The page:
search advanced search
UNICEF Innocenti
Office of Research-Innocenti
search menu

Children and COVID-19 Research Library

UNICEF Innocenti's curated library of COVID-19 + Children research

RESULTS:   119     SORT BY:

ADVANCED SEARCH:

Select one or more filter options and click search below.

PUBLICATION DATE:
UNICEF Innocenti Publication
UNICEF Publication
Open Access
JOURNAL ACCESS FOR UNICEF STAFF CONTACT US
1 - 15 of 119
Risk factors for COVID-19 hospitalization in school-age children

AUTHOR(S)
Liam O’Neill; Neale R. Chumbler

Published: June 2022   Journal: Health Services Research and Managerial Epidemiology

With the recent emergence of the Omicron variant, there has been a rapid and alarming increase in the number of COVID-19 cases among pediatric populations. Yet few US pediatric cohort studies have characterized the clinical features of children with severe COVID-19. The objective of this study was to identify those chronic comorbidities that increase the risk of hospitalization for pediatric populations with severe COVID-19. A retrospective cohort study that utilized the Texas Inpatient Public Use Data file was conducted. The study included 1187 patients (ages 5 to 19) from 164 acute-care Texas hospitals with the primary or secondary ICD-10CM diagnosis code U07.1 (COVID-19, virus identified). The baseline comparison group included 38 838 pediatric patients who were hospitalized in 2020. Multivariable binary logistic regression, controlling for patient characteristics, sociodemographic factors, and health insurance, was used to estimate the adjusted risk of hospitalization for COVID-19.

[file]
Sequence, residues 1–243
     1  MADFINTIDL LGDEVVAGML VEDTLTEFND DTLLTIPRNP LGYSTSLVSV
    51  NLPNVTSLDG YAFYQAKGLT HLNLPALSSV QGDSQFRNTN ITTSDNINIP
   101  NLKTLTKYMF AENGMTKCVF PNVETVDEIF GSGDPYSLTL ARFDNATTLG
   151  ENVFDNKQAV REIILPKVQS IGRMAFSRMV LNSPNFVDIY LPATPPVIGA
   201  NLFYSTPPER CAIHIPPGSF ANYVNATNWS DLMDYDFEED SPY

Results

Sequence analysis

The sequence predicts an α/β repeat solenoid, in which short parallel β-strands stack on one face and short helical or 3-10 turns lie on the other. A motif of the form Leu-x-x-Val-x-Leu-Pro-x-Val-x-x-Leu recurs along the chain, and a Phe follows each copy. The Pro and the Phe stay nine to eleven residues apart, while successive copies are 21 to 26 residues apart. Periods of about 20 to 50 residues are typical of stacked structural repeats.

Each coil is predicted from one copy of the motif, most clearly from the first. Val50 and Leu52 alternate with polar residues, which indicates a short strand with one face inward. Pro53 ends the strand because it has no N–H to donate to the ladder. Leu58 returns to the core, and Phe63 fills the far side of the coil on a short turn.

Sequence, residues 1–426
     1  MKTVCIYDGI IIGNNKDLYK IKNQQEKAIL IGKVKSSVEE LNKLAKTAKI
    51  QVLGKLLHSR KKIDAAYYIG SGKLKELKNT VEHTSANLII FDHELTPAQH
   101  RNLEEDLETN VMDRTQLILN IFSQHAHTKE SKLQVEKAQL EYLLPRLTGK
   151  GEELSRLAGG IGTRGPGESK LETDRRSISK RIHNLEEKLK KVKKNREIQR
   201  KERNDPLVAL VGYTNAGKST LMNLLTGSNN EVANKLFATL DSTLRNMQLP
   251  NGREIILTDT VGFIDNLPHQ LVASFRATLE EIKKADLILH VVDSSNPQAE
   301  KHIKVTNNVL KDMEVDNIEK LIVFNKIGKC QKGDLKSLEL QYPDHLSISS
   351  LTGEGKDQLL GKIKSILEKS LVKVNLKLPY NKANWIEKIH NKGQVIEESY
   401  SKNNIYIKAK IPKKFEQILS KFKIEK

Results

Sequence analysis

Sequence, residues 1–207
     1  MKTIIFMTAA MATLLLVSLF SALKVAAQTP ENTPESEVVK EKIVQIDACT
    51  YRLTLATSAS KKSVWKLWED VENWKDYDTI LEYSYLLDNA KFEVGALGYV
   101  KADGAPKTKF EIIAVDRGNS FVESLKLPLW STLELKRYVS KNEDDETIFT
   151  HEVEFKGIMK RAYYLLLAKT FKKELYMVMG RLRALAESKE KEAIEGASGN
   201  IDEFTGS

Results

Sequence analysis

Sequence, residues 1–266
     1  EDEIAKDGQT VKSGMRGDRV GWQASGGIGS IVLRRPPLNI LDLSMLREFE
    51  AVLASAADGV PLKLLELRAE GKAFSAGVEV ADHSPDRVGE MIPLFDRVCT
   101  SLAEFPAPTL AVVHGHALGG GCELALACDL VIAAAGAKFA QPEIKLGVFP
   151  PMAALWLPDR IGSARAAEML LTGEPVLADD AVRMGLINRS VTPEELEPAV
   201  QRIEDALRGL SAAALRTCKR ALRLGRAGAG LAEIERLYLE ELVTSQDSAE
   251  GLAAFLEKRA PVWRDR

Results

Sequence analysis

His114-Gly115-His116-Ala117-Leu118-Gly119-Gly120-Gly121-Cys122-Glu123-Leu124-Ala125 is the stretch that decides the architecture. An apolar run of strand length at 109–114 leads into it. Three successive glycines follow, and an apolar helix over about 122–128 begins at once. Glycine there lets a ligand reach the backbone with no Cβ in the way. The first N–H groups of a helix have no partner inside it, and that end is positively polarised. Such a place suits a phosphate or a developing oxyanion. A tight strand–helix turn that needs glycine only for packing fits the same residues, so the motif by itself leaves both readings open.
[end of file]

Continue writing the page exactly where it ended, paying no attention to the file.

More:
Rate of adolescent inpatient admission for psychosis during the COVID-19 pandemic: a retrospective chart review.

AUTHOR(S)
Barbara Deren; Katherine Matheson; Paula Cloutier (et al.)

Published: June 2022   Journal: Early Intervention in Psychiatry

Given the concerns for mental health (MH) impacts on children and adolescents during the COVID-19 pandemic, as well as the relative paucity of research in this field, this retrospective study compares the rate of paediatric inpatient MH admissions for psychosis for a period of 11 months before and during the pandemic. This study used administrative data to compare the rate and clinical characteristics of patients (<18 years) admitted to a psychiatric inpatient unit for a psychotic illness before (March 17, 2019 to February 17, 2020) and during (March 17, 2020 to February 17, 2021) the COVID-19 pandemic.

Incidence and clinical phenotype of multisystem inflammatory syndrome in children after infection with the SARS-CoV-2 delta variant by vaccination status: a Danish nationwide prospective cohort study.

AUTHOR(S)
Ulrikka Nygaard; Mette Holm; Ulla Birgitte Hartling (et al.)

Published: June 2022   Journal: The Lancet Child & Adolescent Health
Multisystem inflammatory syndrome in children (MIS-C) occurs after infection with SARS-CoV-2 and its incidence is likely to depend on multiple factors, including the variant of the preceding SARS-CoV-2 infection and vaccine effectiveness. This study aimed to estimate the incidence of MIS-C, and describe the clinical phenotype, following the delta variant of SARS-CoV-2 (B.1.617.2 and sublineages) according to vaccination status. It aimed to compare the incidence and clinical phenotype of MIS-C from our cohort during the pre-delta era. This prospective, population-based cohort study included patients aged 0–17 years hospitalised with MIS-C in Denmark, according to the US Centers for Disease Control and Prevention case definition, from Aug 1, 2021, to Feb 1, 2022, a period dominated by the delta variant. It identified MIS-C cases via a nationwide research collaboration involving real-time data collection from all 18 paediatric departments. Aggregated number of SARS-CoV-2 infections by vaccination status was obtained from the Danish COVID-19 surveillance registries. The incidence of MIS-C was calculated using the estimated number of infected individuals by vaccination status
Cite this research | Open access | Vol.: 6 | Issue: 7 | No. of pages: 459-465 | Language: English | Topics: Health | Tags: child health, COVID-19, hospitalization, infectious disease, vaccination, vaccination policies | Countries: Denmark
The significance of D-dimer investigation in Iraqi children with COVID-19

AUTHOR(S)
Raed Khudhair Farhan; Ahmed Jawad Kadhim Al Abdullah; Mundher Abdzaid Shamhood

Published: May 2022   Journal: International Journal of Health Sciences,